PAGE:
2018 roof had loss of adhesion, particularly at lower corners. I referred the client to a roofer. The roofer said “The shingles are three tab and has zippering on corners. This is common on these type of shingles and is cosmetic. The roof appears to be structurally be in really good shape. I would estimate the remaining life to be around 5-7 years”.
I understand zippering to be from thermal expansion and contraction, exacerbated by installing shingles in a racked (vertical instead of diagonal) pattern.
I reason that this is not a cosmetic defect because the affected shingles are more susceptible to wind lift.
Yes, but the agent that called the roofer out is my “#1 referring agent”. He is a squeaky-clean, ethical, decent man that I simply cannot afford to lose because he has lost faith in me.
I want to have a definitive answer for him about whether this really is a problem or not. The roofer says one thing but not every ‘professional’ we refer folks to know what he’s talking about.
Sometimes it’s not enough to just “refer and move on”.
Don’t let who you are doing an inspection for dictate how you proceed with your report. The next time you try and impress them by not calling it out, the roofer is recommending replacement. Your #1 agent is going to tell the buyer to go after your E&O insurance.
If you call 10 different roofing contractors out there for this one, 70-80% would recommend replacement.
There isn’t a problem between us but I want to provide him with a well-researched answer. I called this out as a defect but a ‘professional’ roofer said it was cosmetic. That creates an understandable loss of confidence. I don’t feel so hot about it. Why didn’t I ever hear about ‘zippering’ before?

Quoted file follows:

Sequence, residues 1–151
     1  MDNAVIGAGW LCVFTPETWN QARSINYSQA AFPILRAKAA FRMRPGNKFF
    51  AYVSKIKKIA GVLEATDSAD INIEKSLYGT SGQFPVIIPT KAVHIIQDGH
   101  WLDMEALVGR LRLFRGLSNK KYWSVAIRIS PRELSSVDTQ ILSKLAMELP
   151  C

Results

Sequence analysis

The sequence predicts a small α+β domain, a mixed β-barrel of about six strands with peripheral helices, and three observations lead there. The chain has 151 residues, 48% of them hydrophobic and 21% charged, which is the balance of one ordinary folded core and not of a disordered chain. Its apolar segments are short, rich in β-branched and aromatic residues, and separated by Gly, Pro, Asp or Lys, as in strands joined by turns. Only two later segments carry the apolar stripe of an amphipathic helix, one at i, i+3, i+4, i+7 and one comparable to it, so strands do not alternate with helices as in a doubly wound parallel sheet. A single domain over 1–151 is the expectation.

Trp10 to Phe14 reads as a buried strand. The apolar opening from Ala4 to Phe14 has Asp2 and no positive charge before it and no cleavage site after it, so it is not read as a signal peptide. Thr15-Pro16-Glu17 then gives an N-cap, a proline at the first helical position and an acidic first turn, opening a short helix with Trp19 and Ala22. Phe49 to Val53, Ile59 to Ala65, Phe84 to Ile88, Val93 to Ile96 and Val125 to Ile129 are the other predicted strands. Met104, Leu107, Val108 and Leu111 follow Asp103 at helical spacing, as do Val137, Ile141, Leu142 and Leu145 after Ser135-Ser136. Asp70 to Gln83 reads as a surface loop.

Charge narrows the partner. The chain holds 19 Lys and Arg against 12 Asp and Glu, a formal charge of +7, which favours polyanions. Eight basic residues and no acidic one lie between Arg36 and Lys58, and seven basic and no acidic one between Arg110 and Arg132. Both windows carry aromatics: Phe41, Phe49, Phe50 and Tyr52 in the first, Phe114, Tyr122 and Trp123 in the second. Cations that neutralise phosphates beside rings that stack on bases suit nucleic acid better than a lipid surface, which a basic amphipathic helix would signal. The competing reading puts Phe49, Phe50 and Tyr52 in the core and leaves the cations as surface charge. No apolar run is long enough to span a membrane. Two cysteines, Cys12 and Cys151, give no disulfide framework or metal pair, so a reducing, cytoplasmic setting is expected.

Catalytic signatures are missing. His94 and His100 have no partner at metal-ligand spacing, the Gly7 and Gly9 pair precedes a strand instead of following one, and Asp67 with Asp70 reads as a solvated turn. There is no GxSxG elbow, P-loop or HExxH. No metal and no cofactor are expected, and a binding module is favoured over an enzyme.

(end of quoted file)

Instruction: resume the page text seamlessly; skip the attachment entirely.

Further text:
I have always heard it referred to as thermal expansion, never zippering.
When I first started out as an inspector, I took on 1,000s of insurance inspections to supplement things until I had enough home inspections to go full time. That roof would not have been ensured by any of the companies that I inspected for. Including the largest insurer in the US. You made the right call.
Attic ventilation was fine. Completely normal. The shingles weren’t curling or cupping, they had just lost adhesion
I read a roofing association trade paper that studied thermal expansion and zippering is a real thing. If it occurs in a diagonal they call it racking. If it occurs in a vertical direction they call it zippering and it’s exacerbated by installing the shingles racked.
Apparently, it’s not necessarily an installation defect, but perhaps more of a manufacturing defect.
But I don’t know. I can’t get a straight answer online
So we’ve got one professional roofer saying it’s cosmetic but that doesn’t seem right.
The 3 tab shingle ‘tab ends’ are clearly curling at both ends.
When shingles loose adhesion it can be due to being installed in cold weather. The sealing strip does not get enough thermal load to melt the upper shingle to the lower shingle.
As well, it is next to imposable to tell if the attic is venting properly unless you do tests. By the looks of it, the ridge vent look suspect.
It is unless your trying to impress someone - which seems to be your problem.
Agents are fickle creatures. You think you are desperate for this agent’s approval but they will turn on you on a dime. Once he / she / it thinks they got you dependant the’ll start trying to whittle down your price. You might as well shoot yourself in the foot now. You want to build a reputation free of agent referrals.
In my opinion, there is no shingle manufacturer out there that would say this issue is common for their product, and only a cosmetic thing. The shingles are only 5 years old and something is causing them to lift. That is not normal and a better roofer needs to take a look at it.